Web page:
PENSACOLA, Fla. (BP)–Pastors in the Pensacola Bay Baptist Association paused Thursday night to pray for Greater Little Rock Baptist Church, which was heavily damaged by an F1 tornado earlier in the day, while its daycare center was ripped apart.
The 150-yard-wide tornado with winds estimated up to 100 mph slammed into the church’s daycare first, then moved up about a block to where the church stands, churning up the worship center’s massive metal roof and spitting out the contents like graffiti throughout the neighborhood.
Bright yellow tufts of insulation stuck in the chain link fences lining the church property as huge pieces of green twisted rooftop were slowly being hauled in from blocks away and lined up in the parking lot. Throughout the afternoon and into the evening as heavy rains continued to pelt the area, water poured into the unstable opening in the church’s roof.
No one was hurt at the church or in the daycare center.
“The Lord has promised and He has proved Himself to be faithful,” Greater Little Rock pastor Lonnie D. Wesley III told the Florida Baptist Witness. “He is who He said He is.”
Greater Little Rock Baptist Church is one of the largest African American Southern Baptist churches in the area, with about 650 members.
Wesley said he has heard from Florida Baptist pastors and Florida Baptist Convention personnel and is encouraged by their prayers and support.
“I am thankful to God for the outpouring of support the body of the church is showing to us at this time,” Wesley said. “It is evident that someone is praying for us. There is a lot to do.”
The 13,000-square-foot building sits on the historic site of the Booker T. Washington High School, Pensacola’s first African American high school, which burned down. Construction was completed on the church’s current building in 1998 and, according to an architectural magazine, its design is inspired by Noah’s ark with its keel turned towards the heavens.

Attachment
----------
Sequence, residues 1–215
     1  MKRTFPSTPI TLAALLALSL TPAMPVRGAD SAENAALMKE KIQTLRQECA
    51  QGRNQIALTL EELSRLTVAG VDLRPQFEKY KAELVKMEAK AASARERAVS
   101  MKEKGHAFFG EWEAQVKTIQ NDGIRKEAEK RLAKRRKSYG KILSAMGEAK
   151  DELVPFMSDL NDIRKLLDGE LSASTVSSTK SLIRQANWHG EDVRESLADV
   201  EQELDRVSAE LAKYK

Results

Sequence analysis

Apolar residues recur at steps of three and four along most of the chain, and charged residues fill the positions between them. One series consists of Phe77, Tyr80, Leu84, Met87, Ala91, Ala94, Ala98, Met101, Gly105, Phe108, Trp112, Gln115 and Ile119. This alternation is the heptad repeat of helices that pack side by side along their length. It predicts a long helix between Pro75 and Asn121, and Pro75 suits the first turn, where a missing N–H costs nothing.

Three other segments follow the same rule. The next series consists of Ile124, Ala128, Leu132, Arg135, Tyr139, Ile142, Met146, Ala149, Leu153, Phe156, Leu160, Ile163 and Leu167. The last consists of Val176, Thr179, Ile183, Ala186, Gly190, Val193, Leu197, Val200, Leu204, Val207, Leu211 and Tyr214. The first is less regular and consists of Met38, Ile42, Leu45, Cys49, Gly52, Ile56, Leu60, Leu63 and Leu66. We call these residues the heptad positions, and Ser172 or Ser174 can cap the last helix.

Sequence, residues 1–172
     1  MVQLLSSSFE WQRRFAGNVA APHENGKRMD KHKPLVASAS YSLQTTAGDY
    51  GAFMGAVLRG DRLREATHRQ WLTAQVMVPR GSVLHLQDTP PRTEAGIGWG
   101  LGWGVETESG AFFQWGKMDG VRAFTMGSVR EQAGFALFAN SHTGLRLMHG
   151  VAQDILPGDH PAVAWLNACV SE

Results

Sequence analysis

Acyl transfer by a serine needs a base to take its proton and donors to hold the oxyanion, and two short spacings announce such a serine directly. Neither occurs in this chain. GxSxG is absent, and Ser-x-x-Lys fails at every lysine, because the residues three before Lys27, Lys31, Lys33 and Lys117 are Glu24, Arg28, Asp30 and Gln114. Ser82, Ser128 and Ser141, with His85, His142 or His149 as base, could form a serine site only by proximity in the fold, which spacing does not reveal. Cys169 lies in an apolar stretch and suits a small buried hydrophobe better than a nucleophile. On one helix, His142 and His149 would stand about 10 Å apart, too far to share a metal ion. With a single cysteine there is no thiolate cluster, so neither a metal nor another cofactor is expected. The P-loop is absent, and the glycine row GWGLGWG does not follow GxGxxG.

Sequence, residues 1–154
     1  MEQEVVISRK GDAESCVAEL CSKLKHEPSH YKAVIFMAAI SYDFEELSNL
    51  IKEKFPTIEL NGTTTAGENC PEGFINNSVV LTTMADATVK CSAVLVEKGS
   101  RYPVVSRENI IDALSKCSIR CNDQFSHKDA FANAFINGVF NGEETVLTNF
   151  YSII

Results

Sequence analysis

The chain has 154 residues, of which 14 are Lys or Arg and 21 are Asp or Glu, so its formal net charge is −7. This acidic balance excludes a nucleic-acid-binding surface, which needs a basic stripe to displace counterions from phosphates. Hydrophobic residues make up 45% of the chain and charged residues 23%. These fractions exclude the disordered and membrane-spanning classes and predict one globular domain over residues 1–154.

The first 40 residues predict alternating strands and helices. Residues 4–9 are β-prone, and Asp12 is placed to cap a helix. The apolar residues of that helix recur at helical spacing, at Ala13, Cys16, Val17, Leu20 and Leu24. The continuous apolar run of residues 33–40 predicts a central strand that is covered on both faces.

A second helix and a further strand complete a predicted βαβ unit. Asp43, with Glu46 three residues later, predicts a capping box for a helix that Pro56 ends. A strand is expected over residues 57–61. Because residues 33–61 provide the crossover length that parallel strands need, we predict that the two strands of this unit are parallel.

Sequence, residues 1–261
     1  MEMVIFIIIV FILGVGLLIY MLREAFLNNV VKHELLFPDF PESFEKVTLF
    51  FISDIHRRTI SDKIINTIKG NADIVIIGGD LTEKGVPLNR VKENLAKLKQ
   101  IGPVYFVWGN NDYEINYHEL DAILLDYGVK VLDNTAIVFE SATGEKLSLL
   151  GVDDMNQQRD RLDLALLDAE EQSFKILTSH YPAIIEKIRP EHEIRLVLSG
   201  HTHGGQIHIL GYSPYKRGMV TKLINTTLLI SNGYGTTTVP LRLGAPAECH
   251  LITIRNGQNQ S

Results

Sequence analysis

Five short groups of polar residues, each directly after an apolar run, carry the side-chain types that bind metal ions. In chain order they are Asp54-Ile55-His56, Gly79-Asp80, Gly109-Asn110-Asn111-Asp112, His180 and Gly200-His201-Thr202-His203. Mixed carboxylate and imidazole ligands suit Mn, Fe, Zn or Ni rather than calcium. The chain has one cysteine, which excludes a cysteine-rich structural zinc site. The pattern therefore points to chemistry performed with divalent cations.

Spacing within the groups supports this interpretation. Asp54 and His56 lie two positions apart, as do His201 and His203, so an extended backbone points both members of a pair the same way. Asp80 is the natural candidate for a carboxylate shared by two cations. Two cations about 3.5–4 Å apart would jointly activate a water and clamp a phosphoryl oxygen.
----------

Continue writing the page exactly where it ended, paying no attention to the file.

The church also has ties to retired Dallas Cowboys’ running back Emmitt Smith, who grew up attending the church and whose mother, Mary Smith, is a member of the congregation and was assisting with clean-up at the church site early Friday morning.
Bob Greene, director of missions for the Pensacola Bay Baptist Association, which was holding its annual session Oct. 18, told messengers he briefly toured the church site Thursday afternoon and met with Wesley.
Sarah Lane, a member of Greater Little Rock for 27 years, spent Thursday afternoon at an annex of the church about a half mile from the church’s main site, fielding phone calls on the pastor’s cell phone while he met with her husband, who leads the church’s trustees and deacon board, other leaders and his staff to strategize about the days ahead.
“If you love the church, you know you love the Lord,” Lane told the Witness.
Although one of Lane’s jobs was to keep reporters out, she wasn’t unwilling to talk, on the record, about God’s part in how the day’s events unfolded.
In the annex preparing food for the children at the daycare, Lane said she became concerned when the weather turned ugly. “It just started lightning real bad and the rain just came down like sheets,” she said. Someone called and told her husband a tornado had hit the church, and then finally someone called on their cell phone and told her that the daycare had been hit, Lane said, describing the rooms full of broken glass and window blinds.